Signs and Symptoms
Cancers of the colon and rectum often show no symptoms in the early stages. Likely first warning signals include:
1. Changes in bowel movements (including bleeding from the rectum, persistent constipation or diarrhea, or a feeling of being unable to empty the bowel completely) that last for more than ten days.
2. Dark patches of blood in or on the stool, or long, thin “pencil stools”.
3. Black, sticky stools, which may indicate internal bleeding.
4. Frequent gas pains, bloating, stomach discomfort, and/or abdominal cramping.
5. Unexplained fatigue and weakness, weight loss, or loss of appetite.
What to do now
If you are diagnosed with this cancer, surgery, radiation, or chemotherapy may cure or help control it.
When to call a doctor
1. If you develop symptoms of anemia (pale complexion, fatigue, rapid heartbeat).
2. Call for advice and appointment:
1. If there’s a noticeable change in your bowel movement habits.
2. If you experience bleeding from the rectum, or notice blood in or on stool or tarry stools (Don’t just assume that you have hemorrhoids.
3. If you experience persistent abdominal pain, weight loss or fatigue. These symptoms can have other causes but should be investigated promptly to rule out cancer.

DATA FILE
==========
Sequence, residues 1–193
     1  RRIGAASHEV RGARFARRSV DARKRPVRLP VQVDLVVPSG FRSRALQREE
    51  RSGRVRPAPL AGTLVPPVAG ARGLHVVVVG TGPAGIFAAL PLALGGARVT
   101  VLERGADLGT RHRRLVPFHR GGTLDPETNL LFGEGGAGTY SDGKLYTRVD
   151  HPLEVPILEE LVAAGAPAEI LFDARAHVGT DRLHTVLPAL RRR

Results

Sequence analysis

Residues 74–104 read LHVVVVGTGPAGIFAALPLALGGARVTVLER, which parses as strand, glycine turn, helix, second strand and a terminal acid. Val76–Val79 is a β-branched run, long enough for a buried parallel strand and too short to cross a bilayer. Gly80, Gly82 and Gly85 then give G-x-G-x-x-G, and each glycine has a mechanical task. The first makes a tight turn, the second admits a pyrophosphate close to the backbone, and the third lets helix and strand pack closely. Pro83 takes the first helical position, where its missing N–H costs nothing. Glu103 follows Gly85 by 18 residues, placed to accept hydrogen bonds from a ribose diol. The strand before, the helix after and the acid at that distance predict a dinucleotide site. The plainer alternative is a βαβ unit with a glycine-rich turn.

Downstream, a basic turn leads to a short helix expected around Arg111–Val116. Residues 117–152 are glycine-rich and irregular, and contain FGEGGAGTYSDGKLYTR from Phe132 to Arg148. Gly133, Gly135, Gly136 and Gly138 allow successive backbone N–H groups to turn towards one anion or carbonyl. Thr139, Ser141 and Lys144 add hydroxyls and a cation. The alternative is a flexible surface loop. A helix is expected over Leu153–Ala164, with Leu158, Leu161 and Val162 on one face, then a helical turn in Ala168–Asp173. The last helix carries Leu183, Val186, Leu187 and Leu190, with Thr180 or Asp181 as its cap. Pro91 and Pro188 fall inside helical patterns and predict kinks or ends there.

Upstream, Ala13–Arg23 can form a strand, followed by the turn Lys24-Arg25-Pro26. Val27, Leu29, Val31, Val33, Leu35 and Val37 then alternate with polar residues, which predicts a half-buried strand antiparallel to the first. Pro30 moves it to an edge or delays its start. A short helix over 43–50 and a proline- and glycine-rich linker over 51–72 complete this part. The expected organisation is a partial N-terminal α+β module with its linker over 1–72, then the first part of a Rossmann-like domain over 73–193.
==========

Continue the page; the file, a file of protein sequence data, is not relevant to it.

How to prevent it
1. Eat plenty of whole grains, fresh fruits, and vegetables- at least five servings of fruits and vegetables each day (especially cruciferous vegetables such as broccoli, cauliflower, and cabbage).
2. Cut back on red meat and animal fats in your diet. Cooked dried beans, nuts, and soybean products are good alternative sources of protein.
3. Avoid overcooking meats and fish, and don’t barbecue them.
4. Increase your fiber intake. You might add bran or wheat germ to your breakfast cereal. Start with one tablespoon a day and gradually increase to three or four.